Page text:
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Council on Religion in Communist-dominated areas. In this report, which was intended only for the Soviet party leaders, a member of the Soviet State Council on Religion, Mr. Furov, states-that in the Russian Orthodox Church:

There is no consecration of a bishop, no transfer, without thorough investigation of the candidate by appropriate officials of the State Council, in close cooperation with the Commissioner, local organs, and corresponding interested organizations.

Mr. Furov's explanation of the way the State intrudes into the affairs of the Russian Orthodox Church is characterized in this way by Alexander Solzhenitsyn in an article that recently appeared in the "Economist" magazine. He says "The Russian Church is ruled dictatorially by atheists-a sight never before seen in two millenia."

The Soviet model-one of religious subversion rather than mere repression-is increasingly becoming the pattern in the Communist world. It prevails in Cuba, where the official Protestant ecumenical organization frequently conducts business on behalf of the Cuban Government.

It is increasingly evident in Vietnam. As the Fellowship of Reconciliation, an American organization which was strongly opposed to the war in Vietnam, recently reported, the Vietnamese Government has stepped up efforts to dissolve the existing Buddhist Church and replace it with a completely controlled organization.

This pattern is evident in China, where, as this year's human rights report explains, the stated aim of the eight patriotic officially sanctioned religious organizations is "to insure that all religious organizations accept the leadership of the party and the state.'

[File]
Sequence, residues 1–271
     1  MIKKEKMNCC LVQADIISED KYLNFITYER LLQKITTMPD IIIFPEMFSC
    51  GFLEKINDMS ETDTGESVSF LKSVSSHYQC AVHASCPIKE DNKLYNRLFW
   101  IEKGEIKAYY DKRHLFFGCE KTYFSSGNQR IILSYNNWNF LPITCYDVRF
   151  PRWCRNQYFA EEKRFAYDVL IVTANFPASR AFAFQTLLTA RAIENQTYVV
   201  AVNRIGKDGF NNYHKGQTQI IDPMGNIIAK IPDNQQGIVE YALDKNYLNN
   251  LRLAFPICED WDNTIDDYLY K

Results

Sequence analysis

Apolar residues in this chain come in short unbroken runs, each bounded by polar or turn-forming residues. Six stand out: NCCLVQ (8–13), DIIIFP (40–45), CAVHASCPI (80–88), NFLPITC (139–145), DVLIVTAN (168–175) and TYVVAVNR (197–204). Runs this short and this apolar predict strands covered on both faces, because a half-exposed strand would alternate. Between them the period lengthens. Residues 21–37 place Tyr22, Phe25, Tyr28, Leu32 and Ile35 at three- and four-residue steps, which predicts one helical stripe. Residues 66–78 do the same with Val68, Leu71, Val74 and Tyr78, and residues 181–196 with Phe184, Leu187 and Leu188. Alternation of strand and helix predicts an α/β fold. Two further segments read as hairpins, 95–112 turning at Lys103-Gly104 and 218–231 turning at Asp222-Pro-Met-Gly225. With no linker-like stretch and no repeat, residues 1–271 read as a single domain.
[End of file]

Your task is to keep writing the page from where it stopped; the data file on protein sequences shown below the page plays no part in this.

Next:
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And today this pattern is increasingly clear in Nicaragua, where, as has recently been made clear, the Sandinista Government has organized the subversion of the Nicaraguan Roman Catholic Church through the so-called Church of the Poor, which helped and organized provocations against the Pope on his recent visit.

This kind of government intrusion into religious affairs is not the norm of authoritarian societies. In conducting our foreign policy we should certainly conduct it to encourage greater freedom of religious expression in authoritarian societies. But we should never act in ways which promote the transformation of an authoritarian society into a far worse totalitarian society.

As I gather, this was Ambassador Kirkpatrick's point. I think it is an elemental point and a very sound one. A study of the problems of churches in authorization and totalitarian societies respectively and religious life in general bears out her point.

Thank you very much.

[Mr. Kemble's prepared statement follows:]


The Institute on Religion and Democracy believes that there are important links between the Christian faith and democratic values, and that those links should be strengthened. As the French Catholic theologian Jacques Mauritain once observed: "...democracy is linked to Christianity...and the democratic impulse has arisen in human history as a temporal manifestation of the Gospel."1/

We were organized two years ago by persons holding diverse theological views, denominational affiliations, and social philosophies, who, despite many differences, share the desire to strengthen the role of our churches in the democratic way of


Members of our organization welcome the unprecedented attention this year's Report on Human Rights Practices gives to freedom of religious expression.

There are many sophisticated people today who are inclined to believe that deeply held religious conviction is a threat to liberty and tolerance. It is often imagined that the religious

impulse is authentically personified in such figures as the

Iranian mullah, the Marxist priest, the evangelical general, or


the Jewish Defense League militant and their occasional admirers here in the United States. It is therefore good to be reminded, as we are by the introduction to this report, that the fathers of the American Republic rooted their democratic faith in the belief that all men "are endowed by their Creator with certain inalienable rights." That belief has had a more powerful impact on the world than all the evils of misguided religious zealotry.